A CITY FULL OF HIDDEN SURPRISES A city perfectly in tune with the ocean; there’s more to Sydney than surface appearances suggest. Dive in a bit deeper and you will find Sydney has it all, from seadragons to sharks, pufferfish to penguins, as Jayne Jenkins explainsPhotographs by Jayne JenkinsOnly scuba divers, scientists, freedivers and some intrepid snorkellers and swimmers know the secrets of the underwater realm around Sydney harbourSydney, in my humble opinion, is Australia’s, if not the world’s, most breath-taking city both above and below the ocean. What other city has such a stunning harbour with two famous landmarks, the Sydney Harbour Bridge and Sydney Opera House?

The past 24 months have been a difficult time for everyone with COVID causing lockdowns and governments closing state borders. COVID has not been alone in causing problems. This year Sydney, like most of the eastern coast of Australia, has received an unprecedented amount of rain over the past six months, with 2022 currently the wettest year on record.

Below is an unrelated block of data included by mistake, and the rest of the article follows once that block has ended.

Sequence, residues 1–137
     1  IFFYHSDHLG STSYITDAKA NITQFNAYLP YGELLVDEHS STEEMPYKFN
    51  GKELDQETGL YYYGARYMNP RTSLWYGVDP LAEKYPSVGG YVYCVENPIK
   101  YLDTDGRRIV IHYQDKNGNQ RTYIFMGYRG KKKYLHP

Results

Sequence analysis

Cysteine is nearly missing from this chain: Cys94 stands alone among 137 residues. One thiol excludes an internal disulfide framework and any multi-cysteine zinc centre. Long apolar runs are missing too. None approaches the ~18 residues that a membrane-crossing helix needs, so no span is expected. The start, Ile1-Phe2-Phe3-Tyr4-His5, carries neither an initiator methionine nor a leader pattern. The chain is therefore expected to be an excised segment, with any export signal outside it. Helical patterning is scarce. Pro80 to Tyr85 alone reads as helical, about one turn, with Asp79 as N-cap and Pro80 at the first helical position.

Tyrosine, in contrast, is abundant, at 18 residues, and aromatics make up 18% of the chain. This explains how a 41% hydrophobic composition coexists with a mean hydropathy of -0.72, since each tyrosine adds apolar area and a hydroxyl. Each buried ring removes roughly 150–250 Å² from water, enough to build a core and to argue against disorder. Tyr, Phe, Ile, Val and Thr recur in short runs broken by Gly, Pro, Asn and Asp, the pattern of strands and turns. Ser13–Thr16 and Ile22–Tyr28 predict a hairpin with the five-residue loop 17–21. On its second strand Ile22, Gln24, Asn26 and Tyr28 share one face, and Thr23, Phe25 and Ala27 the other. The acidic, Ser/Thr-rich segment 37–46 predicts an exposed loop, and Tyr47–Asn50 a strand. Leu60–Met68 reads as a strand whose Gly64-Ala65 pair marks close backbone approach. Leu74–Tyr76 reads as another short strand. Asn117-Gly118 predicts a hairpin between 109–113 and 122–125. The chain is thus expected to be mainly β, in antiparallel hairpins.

I feel very lucky that in Sydney, we have been able to still enjoy our local dive sites as exercise places, and our marine life has survived the floods.

Only scuba divers, scientists, freedivers and some intrepid snorkellers and swimmers know the secrets of the underwater realm around Sydney harbour and its coastline.

Built around harbour foreshores with more than 70km of magnificent Pacific coastline and glorious beaches, Sydney offers an outstanding variety of underwater attractions; and all of them just minutes away from the commercial heart of Australia’s largest and busiest city.

Sydney offers a range of diving unparalleled with any other Australian city. Going for a quick dive in Sydney is remarkably easy, with good dive shops close to most dive sites for air fills and local knowledge briefs or even guided dives – and inexpensive. I have been diving and photographing in and around Sydney Harbour for many years and have always believed we have great and accessible diving on our doorstep.

It’s been a challenge educating people. It never ceases to astound me how very few people have any idea of what lies beneath the waters of Sydney Harbour. The underwater world around Sydney suits every level of experience and interest; tropical species such as ornate and robust ghost pipefish often appear in the late summer months.